Wednesday, August 25, 2021

What a difference a day makes

I got up early today because I wanted to go on my bike on the Trail before the tourists arrived.  I thought it would be quiet and balmy at 8 a.m. and I could soak up the loveliness and look for grasses I had not already spotted and bring a couple home, because I am still drawing grasses, and working on a Trailside painting.

But although the forecast had been fine, it was chilly out there, and spitting with rain and horrid. And I dithered at the end of the lane, and then turned round and came home. I will go out later when it's warmed up a bit but it will have to be up the hill because the Trail will be packed by mid-morning. Weather, eh?

We took a friend on one of my favourite walks on Monday - along the Derwent from Curbar to Froggatt, and back on the other side. 

There were plenty of walkers out and about but it wasn't crowded. Usually when we're out walking, some people give us a hearty hello and some just walk on by. But on Monday everyone we met said 'Hello.' And I mean everyone. And they didn't just say hello, they smiled and said what a lovely day it was, or they made a joke. It was most odd.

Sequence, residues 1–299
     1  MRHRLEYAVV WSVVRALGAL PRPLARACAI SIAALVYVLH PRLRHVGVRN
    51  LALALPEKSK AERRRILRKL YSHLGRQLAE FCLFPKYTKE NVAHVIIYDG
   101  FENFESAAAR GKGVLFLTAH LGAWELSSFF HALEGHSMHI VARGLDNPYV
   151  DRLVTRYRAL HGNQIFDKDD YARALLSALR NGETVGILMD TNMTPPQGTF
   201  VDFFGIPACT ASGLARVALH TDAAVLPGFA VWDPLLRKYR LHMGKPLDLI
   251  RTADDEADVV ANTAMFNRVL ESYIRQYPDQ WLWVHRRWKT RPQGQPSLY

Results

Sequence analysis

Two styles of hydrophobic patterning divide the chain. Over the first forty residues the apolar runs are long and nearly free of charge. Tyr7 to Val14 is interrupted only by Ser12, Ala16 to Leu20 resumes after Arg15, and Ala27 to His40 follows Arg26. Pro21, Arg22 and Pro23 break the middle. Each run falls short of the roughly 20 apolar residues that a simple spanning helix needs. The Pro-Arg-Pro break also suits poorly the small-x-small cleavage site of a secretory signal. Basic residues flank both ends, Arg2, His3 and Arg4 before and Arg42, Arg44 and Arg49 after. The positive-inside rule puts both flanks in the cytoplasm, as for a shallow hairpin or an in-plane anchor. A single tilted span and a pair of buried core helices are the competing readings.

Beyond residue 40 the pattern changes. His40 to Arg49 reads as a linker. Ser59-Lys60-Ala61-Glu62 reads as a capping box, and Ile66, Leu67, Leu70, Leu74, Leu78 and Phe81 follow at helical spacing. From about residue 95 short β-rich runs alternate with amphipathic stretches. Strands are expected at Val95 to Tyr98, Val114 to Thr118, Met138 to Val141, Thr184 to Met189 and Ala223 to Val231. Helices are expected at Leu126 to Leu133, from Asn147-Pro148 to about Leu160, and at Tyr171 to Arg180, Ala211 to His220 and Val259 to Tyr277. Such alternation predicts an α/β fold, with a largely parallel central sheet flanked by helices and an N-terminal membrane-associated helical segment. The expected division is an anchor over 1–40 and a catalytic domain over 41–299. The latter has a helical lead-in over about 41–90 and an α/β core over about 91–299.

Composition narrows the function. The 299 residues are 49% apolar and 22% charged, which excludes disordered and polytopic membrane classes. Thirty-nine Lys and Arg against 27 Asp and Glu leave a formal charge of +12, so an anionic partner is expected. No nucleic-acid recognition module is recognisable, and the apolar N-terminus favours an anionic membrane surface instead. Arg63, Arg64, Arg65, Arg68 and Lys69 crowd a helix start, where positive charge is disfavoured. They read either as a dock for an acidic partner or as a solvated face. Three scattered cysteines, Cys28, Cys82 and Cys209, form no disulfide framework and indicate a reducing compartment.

You know that scene in The Railway Children near the end? Where Bobbie goes down to the station and everyone on the way is greeting her and congratulating her and pointing to their newspapers and saying what great news it is, and Perks gives her a kiss, and she is completely bemused as to why? It was just like that.

And I was puzzling about it. All I came up with was that it must be because the weekend had been so full of rain, whereas Monday was such a lovely sunny day with the countryside fresh after the rain and the air so balmy. 

Why are we so affected by the weather? 

I went into Sheffield last evening to see Zoë and we walked down Ecclesall Road, which was very exciting for this country mouse - all those people! All those people out and about at a time when usually Dave and I slumped on the sofa, thinking the day is done!

I spotted these lovely weeds on a side street:

and took a photo because I love the combo of the yellow dots, the green leaves and the white seedheads.

I'll leave you with this quote from Northern Farm by Henry Beston, which i came across on the wonderful Brainpickings website.

When this twentieth century of ours became obsessed with a passion for mere size, what was lost sight of was the ancient wisdom that the emotions have their own standards of judgment and their own sense of scale. In the emotional world a small thing can touch the heart and the imagination every bit as much as something impressively gigantic; a fine phrase is as good as an epic, and a small brook in the quiet of a wood can have its say with a voice more profound than the thunder of any cataract. Who would live happily in the country must be wisely prepared to take great pleasure in little things.

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